Professor Stephen Wilton
Head, Molecular Genetic Therapies Group; Executive Director of Translational Rsearch and Development
Steve Wilton completed his PhD in the Biochemistry Department, University of Adelaide before PCR technology became available. He was appointed Chief Production Biochemist for a small biotechnology company in the University of Adelaide before being lured to another biotechnology company in Western Australia in 1987. Research was far more challenging than production biotechnology and he joined the Australian Neuromuscular Research Institute in 1991, working with Professor Nigel Laing to develop and apply molecular diagnostic tests for genes implicated in various neuromuscular conditions.
During diagnostic screening development for Duchenne muscular dystrophy (DMD), shorter than expected gene transcripts were observed and these were identified as having arisen from natural, but sporadic and low level exon skipping. This prompted further studies into this phenomenon, which was assumed to give rise to the rare dystrophin-positive "revertant fibres" detected immuno-histochemically in dystrophic muscle. Increasing the frequency of these revertant fibres may offer a new therapeutic avenue to treat this relentlessly progressive childhood muscle wasting disorder.
He is now the Head of the Molecular Genetic Therapy Group and the Molecular Genetic Research Services located at the ANRI. The MGTG group is pursuing a variety of antisense oligomer based approaches to modulate gene expression, primarily through re-directing the splicing process. Antisense oligomers were first shown to suppress abnormal splicing in a defective globin gene, and this approach was applied to normal splice motifs to excise targeted dystrophin exons, first in cells from animal models of dystrophin mutations, and then the human gene transcript. In just over a decade, the concept of dystrophin exon skipping has progressed from in vitro studies in myogenic cell cultures to human clinical trials.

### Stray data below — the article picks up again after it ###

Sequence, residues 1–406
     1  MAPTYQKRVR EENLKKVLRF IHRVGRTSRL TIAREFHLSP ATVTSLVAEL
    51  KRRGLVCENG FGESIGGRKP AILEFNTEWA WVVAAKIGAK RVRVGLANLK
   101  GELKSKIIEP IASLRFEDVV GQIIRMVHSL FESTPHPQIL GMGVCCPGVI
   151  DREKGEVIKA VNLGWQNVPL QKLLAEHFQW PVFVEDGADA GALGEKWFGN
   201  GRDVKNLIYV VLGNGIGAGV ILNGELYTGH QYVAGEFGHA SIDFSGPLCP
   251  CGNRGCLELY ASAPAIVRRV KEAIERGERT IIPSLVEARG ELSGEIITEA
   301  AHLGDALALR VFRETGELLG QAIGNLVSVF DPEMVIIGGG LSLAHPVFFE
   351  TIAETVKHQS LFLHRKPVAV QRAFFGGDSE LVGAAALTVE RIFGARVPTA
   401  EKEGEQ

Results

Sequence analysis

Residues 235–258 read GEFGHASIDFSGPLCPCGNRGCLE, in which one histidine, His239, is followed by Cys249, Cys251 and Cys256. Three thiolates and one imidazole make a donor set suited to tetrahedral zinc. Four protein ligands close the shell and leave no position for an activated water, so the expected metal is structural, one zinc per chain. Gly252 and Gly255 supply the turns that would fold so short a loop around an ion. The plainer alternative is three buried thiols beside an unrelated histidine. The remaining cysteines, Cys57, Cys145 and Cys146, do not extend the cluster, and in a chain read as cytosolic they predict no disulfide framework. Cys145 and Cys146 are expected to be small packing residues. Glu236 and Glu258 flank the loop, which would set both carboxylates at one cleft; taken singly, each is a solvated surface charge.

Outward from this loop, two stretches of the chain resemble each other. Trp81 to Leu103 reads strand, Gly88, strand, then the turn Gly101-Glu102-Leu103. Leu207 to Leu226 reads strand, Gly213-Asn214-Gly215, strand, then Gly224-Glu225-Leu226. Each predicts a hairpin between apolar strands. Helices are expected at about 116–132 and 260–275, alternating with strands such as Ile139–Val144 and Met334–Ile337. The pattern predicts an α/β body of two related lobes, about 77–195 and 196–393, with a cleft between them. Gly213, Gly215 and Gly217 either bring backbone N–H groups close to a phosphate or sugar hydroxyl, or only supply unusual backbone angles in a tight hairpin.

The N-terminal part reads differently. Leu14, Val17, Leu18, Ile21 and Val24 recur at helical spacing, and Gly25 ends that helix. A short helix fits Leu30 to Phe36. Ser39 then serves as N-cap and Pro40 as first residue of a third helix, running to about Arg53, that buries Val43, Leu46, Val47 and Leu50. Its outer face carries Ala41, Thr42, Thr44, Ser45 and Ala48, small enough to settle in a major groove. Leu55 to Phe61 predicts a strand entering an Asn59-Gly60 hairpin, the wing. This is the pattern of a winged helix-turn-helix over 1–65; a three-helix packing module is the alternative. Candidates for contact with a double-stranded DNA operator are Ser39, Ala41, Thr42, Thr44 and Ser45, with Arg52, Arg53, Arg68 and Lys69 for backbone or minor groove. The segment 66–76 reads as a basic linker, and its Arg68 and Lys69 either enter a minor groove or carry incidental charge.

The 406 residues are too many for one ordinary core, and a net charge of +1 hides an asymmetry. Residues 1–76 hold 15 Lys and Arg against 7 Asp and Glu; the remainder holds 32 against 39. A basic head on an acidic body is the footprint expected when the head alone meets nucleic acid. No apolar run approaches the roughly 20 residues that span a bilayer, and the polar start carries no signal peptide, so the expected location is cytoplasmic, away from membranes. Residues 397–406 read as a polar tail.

MGTG research has focussed on developing exon skipping as a therapy for all amenable DMD mutations, where over 800 antisense oligomers have been designed and tested against this one gene transcript. This experience with antisense oligomer based splice switching has allowed the technology to be applied to other conditions, including Spinal muscular atrophy, asthma, Alzheimer's Dementia, Myotonic Dystrophy and Parkinson's Disease.
Steve is a member of the MDEX consortium, which has now published results of its successful Phase I clinical trials in the UK to evaluate exon skipping as a therapy for Duchenne muscular dystrophy. Phase II will be commencing in a multidisciplairy trial undertaken by an ANRI clinical team. With dystrophin being successfuly produced by boys in the higher dose range tn the UK trial these local trials are greatly anticipated.